Kenneth Baker

Born – 1921, Cape Town, South Africa

Died – 1996, Lansdowne, Cape Town

Baker painted cityscapes, landscapes, figurative works and flower pieces. A popular “Voice” he dramatizes in a highly subjective manner the daily discourse of life in the Cape Flats, District Six and the Bo-Kaap. Kenneth Baker’s paintings speak to us. The emotive and somewhat primitive simplification of the figurative work recalls the paintings of the German expressionists so do his sombre tones off set by luminous colour. No attempt is made to embellish his subject – he tells it as it is. Lacking the opportunities of an extensive formal education Kenneth Baker speaks to us through his paintwork, by dramatizing in his own highly subjective manner that daily course of events. In this rich, interactive theatre the painted characters will occasionally refer to the viewer, seeking his opinion with a glance, revealing a covert transaction. There is also a certain degree of automatic painting in the background – figures appear behind flower pieces and on the walls of the room in interior scenes.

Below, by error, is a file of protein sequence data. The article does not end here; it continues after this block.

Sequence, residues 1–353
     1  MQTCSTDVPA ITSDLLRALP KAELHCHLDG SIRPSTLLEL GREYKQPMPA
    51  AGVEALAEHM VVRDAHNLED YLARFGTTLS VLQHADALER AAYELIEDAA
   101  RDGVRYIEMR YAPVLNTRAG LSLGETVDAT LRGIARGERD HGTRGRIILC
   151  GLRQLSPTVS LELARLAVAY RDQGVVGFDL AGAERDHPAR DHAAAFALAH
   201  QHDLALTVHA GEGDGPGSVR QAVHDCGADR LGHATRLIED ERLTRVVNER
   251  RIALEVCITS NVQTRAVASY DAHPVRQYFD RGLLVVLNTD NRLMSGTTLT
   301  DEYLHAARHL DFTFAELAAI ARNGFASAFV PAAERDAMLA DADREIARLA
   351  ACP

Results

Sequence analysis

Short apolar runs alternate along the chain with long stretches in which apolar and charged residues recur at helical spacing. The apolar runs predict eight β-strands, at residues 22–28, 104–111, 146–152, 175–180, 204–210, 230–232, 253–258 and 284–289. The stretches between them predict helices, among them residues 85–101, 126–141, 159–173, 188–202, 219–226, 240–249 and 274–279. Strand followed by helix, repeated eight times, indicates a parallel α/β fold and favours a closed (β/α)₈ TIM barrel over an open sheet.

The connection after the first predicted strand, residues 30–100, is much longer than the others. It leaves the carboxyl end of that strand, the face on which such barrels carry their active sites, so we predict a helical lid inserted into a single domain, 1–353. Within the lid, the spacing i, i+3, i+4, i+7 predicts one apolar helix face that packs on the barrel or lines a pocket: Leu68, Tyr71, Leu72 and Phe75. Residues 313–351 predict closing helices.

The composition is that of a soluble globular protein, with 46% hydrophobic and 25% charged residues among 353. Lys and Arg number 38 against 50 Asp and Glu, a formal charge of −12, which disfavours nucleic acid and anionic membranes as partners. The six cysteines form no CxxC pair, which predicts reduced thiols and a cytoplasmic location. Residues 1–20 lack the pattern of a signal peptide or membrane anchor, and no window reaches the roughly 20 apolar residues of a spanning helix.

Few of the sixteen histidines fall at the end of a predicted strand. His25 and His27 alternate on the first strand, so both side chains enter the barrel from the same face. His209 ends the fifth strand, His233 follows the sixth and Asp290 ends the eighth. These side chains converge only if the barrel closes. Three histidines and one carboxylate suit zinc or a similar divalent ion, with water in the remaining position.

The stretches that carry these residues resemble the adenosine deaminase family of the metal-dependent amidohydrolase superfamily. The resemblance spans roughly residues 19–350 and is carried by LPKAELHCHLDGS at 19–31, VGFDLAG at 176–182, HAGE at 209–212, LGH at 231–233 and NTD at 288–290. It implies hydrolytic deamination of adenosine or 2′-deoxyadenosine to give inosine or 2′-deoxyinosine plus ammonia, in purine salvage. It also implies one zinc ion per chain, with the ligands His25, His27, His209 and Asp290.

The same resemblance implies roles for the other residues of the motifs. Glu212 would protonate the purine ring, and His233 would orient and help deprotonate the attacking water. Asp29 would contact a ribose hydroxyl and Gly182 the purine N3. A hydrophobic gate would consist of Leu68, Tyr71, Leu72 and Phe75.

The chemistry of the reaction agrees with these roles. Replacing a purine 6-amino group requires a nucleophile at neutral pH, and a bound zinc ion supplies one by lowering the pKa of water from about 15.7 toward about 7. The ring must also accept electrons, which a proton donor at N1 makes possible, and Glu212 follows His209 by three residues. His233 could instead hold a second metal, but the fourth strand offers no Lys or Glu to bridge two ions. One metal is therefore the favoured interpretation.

Baker’s landscapes are, in some instances, rooted in the same milieu as those of Pranas Domisaitis. Domisaitis was attracted, as he was, to the highly subjective styles then flourishing in European painting. Influenced by peasant cultures, sombre tones, intense luminosity and heavily drawn borders – light radiates from within the scene, often intensely concentrated in the moon.

Gregoire Boonzaaier was also a mentor, willing to share his knowledge of impressionist colour mixes.

“Cape Town is littered with shebeens. I like to go there and sketch and have a drink. I wish I were a writer. There are so many stories I could tell – just in my raw way. I like going there most in summer when the sun is fading and filters through the spaces in between the fence and catches the profile of the chaps and their girlfriends, sitting in the corner or maybe in a broken down car in the yard. Sometimes we all join in a “Cazat” – a communal meal. Often, on Fridays, mothers and children come and fetch their men who have gone straight from work “to square with the shebeen” before going home with the rest of the money for the weekly housekeeping.

The people there are a mixed bunch; some white; some hippies, some nice girls; some lost and others saying ” Moenie my vrou sê nie”. Many sit about four or five hours until check out time. Sunday is usually a busy day. Sometimes they serve wine that is hard to get down but I have learned to drink all types now.”

When the District Six Foundation convened an exhibition in The Forum Gallery in Cavendish Square, Kenneth Baker, then an octogenarian, relived in his paintings the gaiety and joy of life experienced in District Six before it was destroyed. He died in November 1996.

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